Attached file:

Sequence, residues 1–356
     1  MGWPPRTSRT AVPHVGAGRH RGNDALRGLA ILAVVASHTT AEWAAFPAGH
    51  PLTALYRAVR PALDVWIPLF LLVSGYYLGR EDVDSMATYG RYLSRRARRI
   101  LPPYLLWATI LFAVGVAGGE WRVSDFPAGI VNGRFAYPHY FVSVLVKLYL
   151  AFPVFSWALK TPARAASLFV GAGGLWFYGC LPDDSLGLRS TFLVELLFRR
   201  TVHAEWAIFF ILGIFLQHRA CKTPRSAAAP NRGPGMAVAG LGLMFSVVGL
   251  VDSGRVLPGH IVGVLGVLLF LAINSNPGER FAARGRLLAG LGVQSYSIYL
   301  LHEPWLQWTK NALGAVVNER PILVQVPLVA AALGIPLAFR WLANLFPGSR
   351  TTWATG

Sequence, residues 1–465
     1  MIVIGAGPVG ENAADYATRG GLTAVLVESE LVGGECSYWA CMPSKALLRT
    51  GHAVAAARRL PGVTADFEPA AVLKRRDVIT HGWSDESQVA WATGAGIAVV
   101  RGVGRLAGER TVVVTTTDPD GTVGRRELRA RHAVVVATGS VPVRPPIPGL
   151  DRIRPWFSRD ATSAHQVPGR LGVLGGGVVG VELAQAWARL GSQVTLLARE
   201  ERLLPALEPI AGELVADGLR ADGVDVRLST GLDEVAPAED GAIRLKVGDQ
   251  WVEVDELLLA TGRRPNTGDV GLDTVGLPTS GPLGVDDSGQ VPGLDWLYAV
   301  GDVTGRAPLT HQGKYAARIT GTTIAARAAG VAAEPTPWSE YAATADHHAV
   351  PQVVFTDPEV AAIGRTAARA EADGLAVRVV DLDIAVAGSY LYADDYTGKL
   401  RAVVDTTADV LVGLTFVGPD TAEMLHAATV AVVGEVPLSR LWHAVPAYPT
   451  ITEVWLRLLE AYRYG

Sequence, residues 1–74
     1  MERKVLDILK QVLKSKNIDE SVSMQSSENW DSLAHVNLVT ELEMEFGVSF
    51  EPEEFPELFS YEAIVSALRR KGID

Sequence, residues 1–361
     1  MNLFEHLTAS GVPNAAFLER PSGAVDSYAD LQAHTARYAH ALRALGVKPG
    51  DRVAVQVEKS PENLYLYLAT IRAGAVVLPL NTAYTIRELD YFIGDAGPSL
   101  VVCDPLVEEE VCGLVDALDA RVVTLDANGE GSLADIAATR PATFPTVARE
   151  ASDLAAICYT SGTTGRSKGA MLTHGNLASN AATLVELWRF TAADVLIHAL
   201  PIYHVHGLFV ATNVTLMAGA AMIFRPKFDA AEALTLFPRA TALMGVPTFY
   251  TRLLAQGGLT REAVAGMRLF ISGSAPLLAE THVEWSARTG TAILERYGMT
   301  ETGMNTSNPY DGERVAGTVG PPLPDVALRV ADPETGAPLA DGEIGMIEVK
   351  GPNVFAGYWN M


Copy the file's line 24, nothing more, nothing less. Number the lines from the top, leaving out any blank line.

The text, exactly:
Sequence, residues 1–361